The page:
Opposition Leader's Message
Taking a historic look, the Leader of the Opposition, the Hon. Alden M. McLaughlin, Jr., MBE, JP, stresses that the Constitution embodies the rule of law in the Cayman Islands.
The Cayman Islands obtained its first constitution in 1959. That was 52 years ago at a time when these Islands we were still a dependency of Jamaica. That first constitution was replaced in 1972 with a more advanced document which gave the people of the Cayman Islands more control over the governance of their country.
As Cayman's growth and development continued, after ten years of discussions, national debate and considerable controversy, in a historic referendum on 20th May, 2009 Caymanians approved a new modern constitution to govern the affairs of the Cayman Islands. Today, 4 July, 2011 is celebrated as Constitution Day. It is a symbolic day reserved for national pride for the people of these Islands.
Our constitution is the foundation on which our democracy is built and the ultimate embodiment of the rule of law within our land. No man or woman is above it. All who exercise authority in our country do so pursuant to the constitution and must do so in accordance with it.
Through the introduction of a modern bill of rights our new constitution provides the means to protect the people of the Cayman Islands against tyranny, corruption and arbitrary actions by the Government. It enables the people of the Cayman Islands to take a stand in their community on the issues important to them, the ideals they believe in and the things that make Cayman - Cayman. In addition to introducing Cayman's very first bill of rights our new Constitution also created a number of institutions supporting democracy. These commissions are designed to increase participation, transparency and accountability in government.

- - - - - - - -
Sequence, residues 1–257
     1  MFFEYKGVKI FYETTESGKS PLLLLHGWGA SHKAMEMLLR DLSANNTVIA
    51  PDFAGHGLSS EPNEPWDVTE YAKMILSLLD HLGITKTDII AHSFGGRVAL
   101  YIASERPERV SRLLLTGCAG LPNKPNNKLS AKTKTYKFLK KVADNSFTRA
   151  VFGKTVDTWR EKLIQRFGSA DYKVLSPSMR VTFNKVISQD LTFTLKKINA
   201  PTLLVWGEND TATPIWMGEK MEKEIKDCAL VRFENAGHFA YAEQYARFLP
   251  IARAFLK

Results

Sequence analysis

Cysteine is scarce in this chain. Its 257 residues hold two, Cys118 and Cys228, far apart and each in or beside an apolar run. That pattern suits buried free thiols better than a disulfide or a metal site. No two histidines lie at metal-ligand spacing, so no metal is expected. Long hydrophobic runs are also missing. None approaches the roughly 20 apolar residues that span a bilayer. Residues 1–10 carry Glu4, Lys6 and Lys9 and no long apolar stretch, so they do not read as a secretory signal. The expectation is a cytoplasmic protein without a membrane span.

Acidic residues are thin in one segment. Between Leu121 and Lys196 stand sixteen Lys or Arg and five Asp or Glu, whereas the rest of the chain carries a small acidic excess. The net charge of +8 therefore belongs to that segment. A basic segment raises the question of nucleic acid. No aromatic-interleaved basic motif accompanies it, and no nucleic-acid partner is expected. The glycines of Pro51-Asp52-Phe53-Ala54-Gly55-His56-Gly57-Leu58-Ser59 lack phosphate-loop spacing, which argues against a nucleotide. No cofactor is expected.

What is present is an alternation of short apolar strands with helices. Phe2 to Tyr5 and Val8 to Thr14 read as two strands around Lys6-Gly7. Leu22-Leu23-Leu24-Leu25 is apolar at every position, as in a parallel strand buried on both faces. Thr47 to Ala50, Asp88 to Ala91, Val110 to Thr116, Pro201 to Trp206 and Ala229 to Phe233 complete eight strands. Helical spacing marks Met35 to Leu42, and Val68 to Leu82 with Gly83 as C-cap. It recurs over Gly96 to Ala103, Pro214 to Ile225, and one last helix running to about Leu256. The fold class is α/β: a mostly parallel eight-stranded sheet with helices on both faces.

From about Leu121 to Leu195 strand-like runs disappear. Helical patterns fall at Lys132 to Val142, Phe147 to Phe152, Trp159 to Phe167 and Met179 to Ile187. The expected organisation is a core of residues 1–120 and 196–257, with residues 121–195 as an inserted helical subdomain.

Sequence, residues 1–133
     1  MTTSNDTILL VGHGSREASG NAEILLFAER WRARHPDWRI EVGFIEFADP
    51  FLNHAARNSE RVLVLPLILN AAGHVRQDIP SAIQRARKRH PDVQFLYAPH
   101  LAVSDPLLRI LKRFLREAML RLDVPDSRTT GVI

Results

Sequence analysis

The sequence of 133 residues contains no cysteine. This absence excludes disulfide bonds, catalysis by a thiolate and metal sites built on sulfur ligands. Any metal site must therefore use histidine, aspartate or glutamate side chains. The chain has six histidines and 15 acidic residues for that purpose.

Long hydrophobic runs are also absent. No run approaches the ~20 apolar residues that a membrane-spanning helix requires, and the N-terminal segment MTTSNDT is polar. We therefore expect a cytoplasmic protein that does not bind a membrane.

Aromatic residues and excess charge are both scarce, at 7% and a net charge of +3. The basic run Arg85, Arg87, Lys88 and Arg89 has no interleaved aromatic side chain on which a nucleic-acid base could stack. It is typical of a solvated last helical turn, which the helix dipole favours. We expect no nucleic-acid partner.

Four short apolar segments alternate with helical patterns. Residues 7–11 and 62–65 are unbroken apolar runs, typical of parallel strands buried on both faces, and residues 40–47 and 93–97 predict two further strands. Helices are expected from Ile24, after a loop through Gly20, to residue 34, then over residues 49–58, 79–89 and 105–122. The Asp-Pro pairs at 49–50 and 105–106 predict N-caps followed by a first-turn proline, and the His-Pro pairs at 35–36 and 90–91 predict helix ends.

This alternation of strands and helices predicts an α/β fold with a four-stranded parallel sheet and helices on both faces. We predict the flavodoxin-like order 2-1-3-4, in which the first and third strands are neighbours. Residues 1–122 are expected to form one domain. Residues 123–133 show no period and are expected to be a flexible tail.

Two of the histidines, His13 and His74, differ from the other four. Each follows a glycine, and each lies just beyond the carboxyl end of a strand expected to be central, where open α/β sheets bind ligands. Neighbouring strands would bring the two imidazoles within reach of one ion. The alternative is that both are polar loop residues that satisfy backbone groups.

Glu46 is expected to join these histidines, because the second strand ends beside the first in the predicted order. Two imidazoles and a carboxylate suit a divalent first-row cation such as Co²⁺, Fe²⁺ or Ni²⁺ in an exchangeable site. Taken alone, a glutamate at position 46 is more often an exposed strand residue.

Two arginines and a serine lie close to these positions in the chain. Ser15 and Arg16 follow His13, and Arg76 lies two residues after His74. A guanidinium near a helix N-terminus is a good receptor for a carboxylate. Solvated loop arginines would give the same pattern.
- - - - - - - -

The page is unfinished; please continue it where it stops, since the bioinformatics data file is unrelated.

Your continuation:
The Constitutional Commission, the Human Rights Commission, the Commission for Standards in Public Life and the Judicial and Legal Services Commission increase public participation in government decision making and provide more checks and balances on the exercise of executive authority.
Among other things, these commissions also seek to ensure that the people of the Cayman Islands are served by persons of honesty and integrity. The challenge over the immediate future is to get the commissions and other mechanisms fully functional and, through commitment, legislation and the necessary resources, arm them to properly carry out their constitutional purpose and function.
We must encourage our Government and public officials to promote transparency and accountability while serving with honesty and integrity.
Our new Bill of Rights will come into effect in November next year. The next 16 months will be a very busy time as we prepare for the profound effect the Bill of Rights will have on the way government does business.
The rights, freedoms and responsibilities enshrined in our Constitution were influenced by our distinct history, culture and Christian heritage. The Government must ensure we are ready to recognize, respect and give effect to these rights, freedoms and responsibilities. Government must plan to achieve the highest standards of respect for human rights by public officials anywhere in the world. That must be our aim.
Our Constitution should be acknowledged and celebrated for the unique features that make it distinctly our own and for the certainty and security it provides our people. It should be embraced and respected for the assurance it provides us all of the supremacy of the rule of law and the protection of our individual human rights.
For further information contact: Lennon Christian